£500,000 cash boost to transform support for carers in North Lincolnshire

People, Health and Care
13:45, Tuesday, 12th March 2024

North Lincolnshire Council has launched its search for an innovative partner to deliver best in class provision to support the area’s 19,000 carers.

The successful partner will be responsible for driving forward the council’s ambitious vision of an enhanced and improved package of support to local carers.

Under the plans, the early identification of carers would be stepped up, enabling them to access vital support as quickly as possible, with a particular focus placed on reaching young adult carers, aged 16 to 25.

The new service will follow the council’s community first approach, with improved support available at the right time, in the right place, both online, and at the network of community hubs across North Lincolnshire.

Cllr Richard Hannigan, deputy leader – adults, health, families and communities, said: “Carers perform a vital service in our communities, selflessly taking on what can be a challenging role to support a loved one.

“They are an inspiration and deserve the very best support. That’s why we’ve worked closely with local carers to develop the framework for this new and improved service, which will enable even more carers to access the support they need as conveniently as possible in the heart of their community.

“My message to North Lincolnshire’s carers, both the 19,000 we are already supporting and the many more who are quietly caring for their loved one’s day in day out, is that you are not alone. We are committed to supporting you to stay well and healthy in your role, ensuring you have access to the support you need.”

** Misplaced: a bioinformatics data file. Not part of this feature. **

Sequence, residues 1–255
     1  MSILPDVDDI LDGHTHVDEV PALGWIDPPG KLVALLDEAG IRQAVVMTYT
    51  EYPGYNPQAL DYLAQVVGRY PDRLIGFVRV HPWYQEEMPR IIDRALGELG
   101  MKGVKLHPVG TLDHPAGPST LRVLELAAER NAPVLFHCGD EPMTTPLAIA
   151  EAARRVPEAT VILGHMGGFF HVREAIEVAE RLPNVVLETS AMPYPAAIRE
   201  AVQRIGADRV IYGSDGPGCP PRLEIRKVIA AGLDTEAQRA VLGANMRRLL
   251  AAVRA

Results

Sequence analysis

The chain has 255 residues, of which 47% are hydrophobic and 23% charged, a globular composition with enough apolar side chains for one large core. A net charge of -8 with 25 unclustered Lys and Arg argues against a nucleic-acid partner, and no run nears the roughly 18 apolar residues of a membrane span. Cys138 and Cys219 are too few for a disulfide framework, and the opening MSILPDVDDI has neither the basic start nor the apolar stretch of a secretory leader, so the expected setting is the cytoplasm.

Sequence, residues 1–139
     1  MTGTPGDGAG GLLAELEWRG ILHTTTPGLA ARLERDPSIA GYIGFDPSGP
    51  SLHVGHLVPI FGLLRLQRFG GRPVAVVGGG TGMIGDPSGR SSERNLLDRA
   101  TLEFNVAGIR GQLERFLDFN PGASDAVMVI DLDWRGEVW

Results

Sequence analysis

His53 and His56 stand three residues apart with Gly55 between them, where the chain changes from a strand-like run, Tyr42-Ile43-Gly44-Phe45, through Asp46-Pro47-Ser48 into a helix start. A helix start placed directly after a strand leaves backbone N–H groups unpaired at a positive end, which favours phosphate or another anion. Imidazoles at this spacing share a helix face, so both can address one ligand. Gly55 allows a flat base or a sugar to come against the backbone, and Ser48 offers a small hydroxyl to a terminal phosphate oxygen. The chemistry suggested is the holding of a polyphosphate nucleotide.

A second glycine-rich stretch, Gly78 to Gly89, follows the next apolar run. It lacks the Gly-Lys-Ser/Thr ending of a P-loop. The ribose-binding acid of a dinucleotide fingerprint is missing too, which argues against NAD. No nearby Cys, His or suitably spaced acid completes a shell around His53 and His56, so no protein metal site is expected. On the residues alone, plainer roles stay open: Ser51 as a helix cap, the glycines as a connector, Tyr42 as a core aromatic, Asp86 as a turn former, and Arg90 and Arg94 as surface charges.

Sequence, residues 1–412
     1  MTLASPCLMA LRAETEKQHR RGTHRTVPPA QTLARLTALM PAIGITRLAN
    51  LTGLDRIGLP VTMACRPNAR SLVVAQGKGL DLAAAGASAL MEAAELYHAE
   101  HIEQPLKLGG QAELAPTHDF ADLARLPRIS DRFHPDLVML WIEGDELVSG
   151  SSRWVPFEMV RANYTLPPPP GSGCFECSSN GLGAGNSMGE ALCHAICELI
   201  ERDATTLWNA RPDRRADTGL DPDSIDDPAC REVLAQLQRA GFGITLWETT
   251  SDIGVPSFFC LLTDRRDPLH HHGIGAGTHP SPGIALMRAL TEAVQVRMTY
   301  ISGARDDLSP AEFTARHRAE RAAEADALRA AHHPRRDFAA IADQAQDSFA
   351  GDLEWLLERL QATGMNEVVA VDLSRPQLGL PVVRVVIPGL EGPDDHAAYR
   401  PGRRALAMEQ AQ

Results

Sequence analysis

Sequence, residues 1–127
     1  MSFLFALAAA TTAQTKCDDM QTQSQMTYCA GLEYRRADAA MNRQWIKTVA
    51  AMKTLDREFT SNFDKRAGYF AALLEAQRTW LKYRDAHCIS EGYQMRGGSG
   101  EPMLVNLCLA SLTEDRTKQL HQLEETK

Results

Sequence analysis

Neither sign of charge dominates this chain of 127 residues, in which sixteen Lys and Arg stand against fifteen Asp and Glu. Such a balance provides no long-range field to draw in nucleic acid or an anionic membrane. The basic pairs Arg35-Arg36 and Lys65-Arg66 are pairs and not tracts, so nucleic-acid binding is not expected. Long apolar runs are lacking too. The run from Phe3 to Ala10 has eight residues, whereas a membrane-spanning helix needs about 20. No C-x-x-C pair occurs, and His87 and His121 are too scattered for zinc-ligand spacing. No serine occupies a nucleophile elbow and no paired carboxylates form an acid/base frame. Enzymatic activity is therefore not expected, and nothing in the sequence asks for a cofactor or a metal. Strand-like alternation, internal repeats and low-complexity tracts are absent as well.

The new service will be expanded, meaning carers, family members and those living with dementia will be able to access specialist support as part of a new, integrated Dementia Advisory service.

As part of this, carers will have the opportunity to take time out at dementia cafes, as the council recognises the benefits of talking with fellow carers who are experiencing a similar journey.

Support for carers forms a key part of the council’s strategy to enable residents to live their best life, independently in their own homes, families, jobs and communities, where they feel the most comfortable.

Last year the Care Quality Commission backed the strategy as the right approach, as inspectors said the work to reduce the need for long term care and promoting people’s independence and support in the community meant that 93 per cent of people who had received short term care and support no longer required support – this was above the national average.